After the first hour of asking questions, mainly carried by coach inquiries and a few curious campers, the two groups split and begin the rest of their days. The rest of the five-hour session was devoted to improvement in whatever way the campers want or need. Since the participants came from a wide array of League of Legends backgrounds, from level one beginners to high level Diamond and Masters ranked veterans, those needs varied.

The beginners group focused on game fundamentals like last hitting minions and basic macro functions. They also work through concepts not taught in League’s tutorial, like champion abilities, where to start in lane positions and roles in the game. In the advanced group, players hop into the ranked flex queue and either play with the coach or have him watch their perspectives to give tips and go over the games in review.

An unexpected experience

For Huynh, the League of Legends camp was not what he thought it would be, but he still enjoyed his time playing with new people and talking with the Immortals staff.

“I thought there was going to be more people and we could do more in-house type stuff so the coaches could review more,” The high rank player said. “But that’s not possible because of the amount of people we have. But it has been a fun experience.”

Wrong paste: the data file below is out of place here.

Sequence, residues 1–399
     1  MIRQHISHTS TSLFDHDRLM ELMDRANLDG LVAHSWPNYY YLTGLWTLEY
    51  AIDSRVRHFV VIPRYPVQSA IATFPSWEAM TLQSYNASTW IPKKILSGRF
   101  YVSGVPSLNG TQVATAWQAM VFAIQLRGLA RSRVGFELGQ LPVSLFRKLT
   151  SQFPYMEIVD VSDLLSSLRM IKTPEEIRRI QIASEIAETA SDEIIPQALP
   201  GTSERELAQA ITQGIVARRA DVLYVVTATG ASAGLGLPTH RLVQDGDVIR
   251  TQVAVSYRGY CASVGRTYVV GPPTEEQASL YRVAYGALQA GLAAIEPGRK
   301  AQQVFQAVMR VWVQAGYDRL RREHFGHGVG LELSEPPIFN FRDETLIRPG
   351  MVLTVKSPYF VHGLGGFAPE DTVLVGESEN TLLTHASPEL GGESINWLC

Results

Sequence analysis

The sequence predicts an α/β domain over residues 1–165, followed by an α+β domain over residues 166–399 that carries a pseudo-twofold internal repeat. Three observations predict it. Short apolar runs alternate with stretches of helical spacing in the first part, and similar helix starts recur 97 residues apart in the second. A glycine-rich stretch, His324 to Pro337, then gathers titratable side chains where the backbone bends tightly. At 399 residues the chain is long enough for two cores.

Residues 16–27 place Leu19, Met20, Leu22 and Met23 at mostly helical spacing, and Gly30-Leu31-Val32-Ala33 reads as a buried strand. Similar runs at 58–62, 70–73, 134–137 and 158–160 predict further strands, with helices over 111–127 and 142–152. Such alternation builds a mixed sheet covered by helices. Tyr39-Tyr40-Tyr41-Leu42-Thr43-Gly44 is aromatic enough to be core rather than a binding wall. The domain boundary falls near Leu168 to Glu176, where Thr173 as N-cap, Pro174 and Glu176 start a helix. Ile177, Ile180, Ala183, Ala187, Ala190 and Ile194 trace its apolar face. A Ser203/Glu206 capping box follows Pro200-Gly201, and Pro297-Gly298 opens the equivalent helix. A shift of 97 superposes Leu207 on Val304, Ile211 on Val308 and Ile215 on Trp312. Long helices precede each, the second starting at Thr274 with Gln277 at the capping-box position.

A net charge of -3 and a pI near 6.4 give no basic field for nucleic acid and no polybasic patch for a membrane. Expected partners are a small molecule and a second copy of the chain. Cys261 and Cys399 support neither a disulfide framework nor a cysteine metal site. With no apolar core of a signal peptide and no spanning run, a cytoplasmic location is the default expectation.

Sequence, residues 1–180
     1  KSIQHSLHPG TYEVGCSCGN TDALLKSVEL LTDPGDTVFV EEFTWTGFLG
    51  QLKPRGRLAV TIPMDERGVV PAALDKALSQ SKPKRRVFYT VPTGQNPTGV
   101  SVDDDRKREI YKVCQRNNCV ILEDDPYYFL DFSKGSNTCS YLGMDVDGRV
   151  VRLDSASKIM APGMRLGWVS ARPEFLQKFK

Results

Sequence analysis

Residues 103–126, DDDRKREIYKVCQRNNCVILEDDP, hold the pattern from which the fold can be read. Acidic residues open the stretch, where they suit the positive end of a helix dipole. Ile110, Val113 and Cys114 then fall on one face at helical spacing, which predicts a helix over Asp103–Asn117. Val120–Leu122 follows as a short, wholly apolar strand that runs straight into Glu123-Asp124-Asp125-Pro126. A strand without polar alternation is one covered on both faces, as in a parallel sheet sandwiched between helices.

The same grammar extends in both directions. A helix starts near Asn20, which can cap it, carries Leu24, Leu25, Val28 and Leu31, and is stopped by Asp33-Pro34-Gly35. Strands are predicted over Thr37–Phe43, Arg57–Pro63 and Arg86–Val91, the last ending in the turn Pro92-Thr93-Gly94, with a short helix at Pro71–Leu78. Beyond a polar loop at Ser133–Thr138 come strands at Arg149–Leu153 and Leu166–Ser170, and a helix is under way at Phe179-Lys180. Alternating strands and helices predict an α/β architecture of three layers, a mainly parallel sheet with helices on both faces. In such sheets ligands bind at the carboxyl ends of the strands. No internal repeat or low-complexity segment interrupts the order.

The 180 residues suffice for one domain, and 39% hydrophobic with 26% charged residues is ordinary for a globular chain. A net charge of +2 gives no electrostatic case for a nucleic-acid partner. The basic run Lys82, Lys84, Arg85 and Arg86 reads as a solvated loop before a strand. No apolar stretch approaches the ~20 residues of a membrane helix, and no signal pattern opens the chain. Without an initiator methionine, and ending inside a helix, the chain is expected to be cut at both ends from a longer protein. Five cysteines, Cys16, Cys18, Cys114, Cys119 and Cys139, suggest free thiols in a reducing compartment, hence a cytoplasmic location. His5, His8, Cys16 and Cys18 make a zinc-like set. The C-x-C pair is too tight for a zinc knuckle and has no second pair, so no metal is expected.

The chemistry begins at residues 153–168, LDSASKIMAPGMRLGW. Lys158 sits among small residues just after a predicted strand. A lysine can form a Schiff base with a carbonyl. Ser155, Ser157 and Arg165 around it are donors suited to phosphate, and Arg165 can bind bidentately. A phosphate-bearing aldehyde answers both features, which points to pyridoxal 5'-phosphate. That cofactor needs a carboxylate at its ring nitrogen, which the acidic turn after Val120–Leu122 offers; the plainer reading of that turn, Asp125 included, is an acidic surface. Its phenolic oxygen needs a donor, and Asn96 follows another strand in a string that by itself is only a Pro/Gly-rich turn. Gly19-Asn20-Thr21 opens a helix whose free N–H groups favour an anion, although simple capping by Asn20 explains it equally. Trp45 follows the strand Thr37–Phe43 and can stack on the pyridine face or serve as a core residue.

Yi reciprocated the sentiment, saying the camp was not like what he had heard about other League of Legends camps, like the one Cloud9 ran, but the week was better than his previous esports summer camp experience.

“The last time it did an esports camp I didn’t have much improvement because the coaches were kind of lackluster,” Yi said.

Both players said the remote aspect of the camp was awkward at times, with stretches of silence during loading screens and for the first hour of questions, but both said there’s not much to combat it. During those quiet times, Huynh would pull up YouTube and watch League of Legends videos or watch content around video game and movie theories.

“When you’re in real life with someone and everyone’s quiet, no one’s saying anything, it’s a bit awkward,” Huynh said. “People tend to talk and do something like a real summer camp.”

Huynh though, was not afraid to break the awkward silence in the Discord voice chat, asking people what’s up before a game or hyping players up in the draft phase. He was also unafraid to ask for one of his favorite junglers, Xerxe, to follow him on Twitter before the AMA segment began.

Immortals camp
Xerxe did not follow Huynh back on Twitter. | Provided by Riot Games

“Um, We’ll see about that,” the Immortals jungler said to the sudden question.